Pressure on organizations to improve their internal mobility programs was felt well before COVID-19 disrupted the workplace and accelerated digital transformation among corporations worldwide. Yet, that pressure amounted to limited results even as employers increasingly acknowledged the value of internal mobility to both talent attraction and retention.
Following the onset of the pandemic, numerous organizations found themselves in the position of having to address dramatically-shifting human capital needs as a result of significant changes to the business—a scenario offering another justification for internal mobility. The good news is that employers do appear to be answering the call. Surveys conducted by Willis Towers Watson in April and May reveal that 63% of respondents had or were planning to “redeploy (and potentially reskill) workers to support another function” while 54% intended to focus on expanding “training opportunities to help employees reskill.”
Talent & Opportunity Marketplaces Replace Traditional Internal Mobility Programs
While most organizations recognized a growing need to look internally for talent, especially if they wanted to retain their top performers, what they found were numerous barriers to internal mobility success. Among them, the reluctance of managers to see their best team members move to other departments to a focus on specific career paths that meant growth opportunities were often limited to only a small percentage of an organization’s employees.
Now, with rapid advances in AI and automation spurring massive changes in the skills and abilities that workers will need alongside lessons learned during the pandemic, employers must do more to develop the critical skills required for the organization to not simply survive but thrive—a scenario that sets the stage for the shift to talent and opportunity marketplaces. Whereas traditional internal mobility programs were designed around pre-determined career paths, marketplaces emphasize the development of skills that support greater mobility across roles and departments.
As Josh Bersin outlines in Talent Marketplace Platforms Explode Into View, a talent marketplace strategy evolves in three stages: Planned, Facilitated and Agile. It’s the latter that’s needed to meet today’s talent demands and, as Bersin states, reflects the new model of work in which people move around continually. “This takes place when people work on multiple projects, they join various teams or initiatives, and the company operates more like a professional services firm and less like a hierarchy of jobs and functions.”
MIT Sloan Management Review and Deloitte evolve the approach further, arguing in Opportunity Marketplaces: Aligning Workforce Investment and Value Creation in the Digital Enterprise that while talent marketplaces do take a broader view of internal mobility, there remains a tendency to focus on transactional labor needs because workers are usually categorized by type (e.g., employee, contractor or contingent), fostering a relationship in which workers “sell” and companies “buy” labor as needed.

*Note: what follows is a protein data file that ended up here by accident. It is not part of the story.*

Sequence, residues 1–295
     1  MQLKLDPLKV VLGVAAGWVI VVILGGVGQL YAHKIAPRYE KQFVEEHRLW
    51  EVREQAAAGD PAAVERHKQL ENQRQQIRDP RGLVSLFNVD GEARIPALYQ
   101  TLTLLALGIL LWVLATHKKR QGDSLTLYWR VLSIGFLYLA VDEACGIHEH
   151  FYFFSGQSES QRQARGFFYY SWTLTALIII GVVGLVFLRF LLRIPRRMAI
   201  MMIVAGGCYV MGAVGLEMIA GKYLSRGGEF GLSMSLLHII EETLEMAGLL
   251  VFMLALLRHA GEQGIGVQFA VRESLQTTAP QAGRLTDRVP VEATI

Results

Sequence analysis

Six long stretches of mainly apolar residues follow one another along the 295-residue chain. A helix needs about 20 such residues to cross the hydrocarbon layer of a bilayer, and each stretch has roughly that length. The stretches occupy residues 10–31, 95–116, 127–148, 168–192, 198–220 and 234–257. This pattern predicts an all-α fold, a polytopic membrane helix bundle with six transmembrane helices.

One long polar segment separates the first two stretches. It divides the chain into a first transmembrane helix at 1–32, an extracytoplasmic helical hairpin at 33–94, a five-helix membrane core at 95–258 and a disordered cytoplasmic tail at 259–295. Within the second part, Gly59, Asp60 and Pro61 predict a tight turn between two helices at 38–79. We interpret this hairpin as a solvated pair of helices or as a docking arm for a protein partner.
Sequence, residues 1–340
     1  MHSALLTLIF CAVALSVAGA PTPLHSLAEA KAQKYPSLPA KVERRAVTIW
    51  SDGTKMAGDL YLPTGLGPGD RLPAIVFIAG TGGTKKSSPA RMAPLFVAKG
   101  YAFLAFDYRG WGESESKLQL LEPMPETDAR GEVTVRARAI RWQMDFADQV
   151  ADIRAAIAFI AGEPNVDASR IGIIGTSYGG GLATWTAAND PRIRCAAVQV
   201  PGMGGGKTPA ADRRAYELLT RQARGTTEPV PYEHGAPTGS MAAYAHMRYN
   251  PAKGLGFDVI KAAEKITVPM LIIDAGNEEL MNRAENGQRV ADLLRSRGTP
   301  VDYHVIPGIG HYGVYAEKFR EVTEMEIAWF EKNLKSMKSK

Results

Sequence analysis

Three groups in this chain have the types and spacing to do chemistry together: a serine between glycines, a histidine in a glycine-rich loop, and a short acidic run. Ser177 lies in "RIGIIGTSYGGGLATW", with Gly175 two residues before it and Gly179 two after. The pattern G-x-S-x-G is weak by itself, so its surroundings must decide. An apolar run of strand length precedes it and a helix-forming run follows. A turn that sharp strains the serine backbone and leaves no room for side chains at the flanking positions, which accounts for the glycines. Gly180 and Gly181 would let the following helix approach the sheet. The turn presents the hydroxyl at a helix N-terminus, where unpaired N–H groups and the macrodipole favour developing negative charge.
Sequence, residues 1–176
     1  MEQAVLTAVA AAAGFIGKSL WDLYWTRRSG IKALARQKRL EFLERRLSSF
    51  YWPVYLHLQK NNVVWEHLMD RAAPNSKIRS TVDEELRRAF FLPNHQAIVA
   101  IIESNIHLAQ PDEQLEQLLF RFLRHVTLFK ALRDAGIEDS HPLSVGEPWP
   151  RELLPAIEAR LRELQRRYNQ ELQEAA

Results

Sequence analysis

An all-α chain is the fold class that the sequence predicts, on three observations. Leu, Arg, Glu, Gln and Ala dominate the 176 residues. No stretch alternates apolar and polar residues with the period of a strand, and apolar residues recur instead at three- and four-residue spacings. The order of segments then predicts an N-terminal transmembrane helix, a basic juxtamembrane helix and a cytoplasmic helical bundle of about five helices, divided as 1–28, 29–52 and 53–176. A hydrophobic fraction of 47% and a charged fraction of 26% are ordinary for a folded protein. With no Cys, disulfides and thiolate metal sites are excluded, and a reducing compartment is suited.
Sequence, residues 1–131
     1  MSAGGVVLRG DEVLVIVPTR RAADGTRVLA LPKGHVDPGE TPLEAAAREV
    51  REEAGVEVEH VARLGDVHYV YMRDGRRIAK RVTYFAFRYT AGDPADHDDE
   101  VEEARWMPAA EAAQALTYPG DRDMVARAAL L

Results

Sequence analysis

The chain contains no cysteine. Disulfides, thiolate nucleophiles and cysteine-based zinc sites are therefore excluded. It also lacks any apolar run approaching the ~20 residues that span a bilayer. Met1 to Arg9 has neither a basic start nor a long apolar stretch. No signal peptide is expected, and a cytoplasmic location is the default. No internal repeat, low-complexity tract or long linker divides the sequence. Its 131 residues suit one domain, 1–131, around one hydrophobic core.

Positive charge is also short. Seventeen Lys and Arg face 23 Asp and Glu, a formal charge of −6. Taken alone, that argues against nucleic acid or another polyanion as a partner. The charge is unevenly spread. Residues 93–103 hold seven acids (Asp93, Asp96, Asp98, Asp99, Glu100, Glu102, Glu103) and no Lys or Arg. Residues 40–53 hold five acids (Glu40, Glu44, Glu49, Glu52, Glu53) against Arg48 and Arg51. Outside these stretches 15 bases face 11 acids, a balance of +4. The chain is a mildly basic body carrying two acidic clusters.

Thus, while talent marketplaces can offer value to both organizations and individual workers, opportunity marketplaces emphasize an investment in the workforce. It’s a broader view of an organization’s ability to facilitate career advancement that benefits both the employee and the employer while strengthening a company’s ability to meet changes in the skills that are paramount to success. It’s about empowering workers to “evaluate, choose and act on opportunities” while driving “greater efficiency, value and productivity.”
HR Itself Will Require Reskilling
The HR technology market already offers numerous point solutions promising to transform an organization’s internal mobility efforts into a marketplace approach, many of which use AI to improve the matching of employees to mentors, cross-functional projects and stretch assignments.
HR will certainly play a major role in evaluating how well these technologies align with an organization’s reskilling goals, but teams should also acknowledge that HR roles will themselves require reskilling to support continually-fluctuating talent demands. In their vision of tomorrow’s workforce, Jeanne C. Meister and Robert H. Brown identify 21 HR Jobs of the Future, including the “future of work leader” who keeps the organization informed of the ever-evolving skills needed to advance their workforce quickly and effectively. It’s a reminder of how the changing workforce landscape presents HR with another opportunity to lead.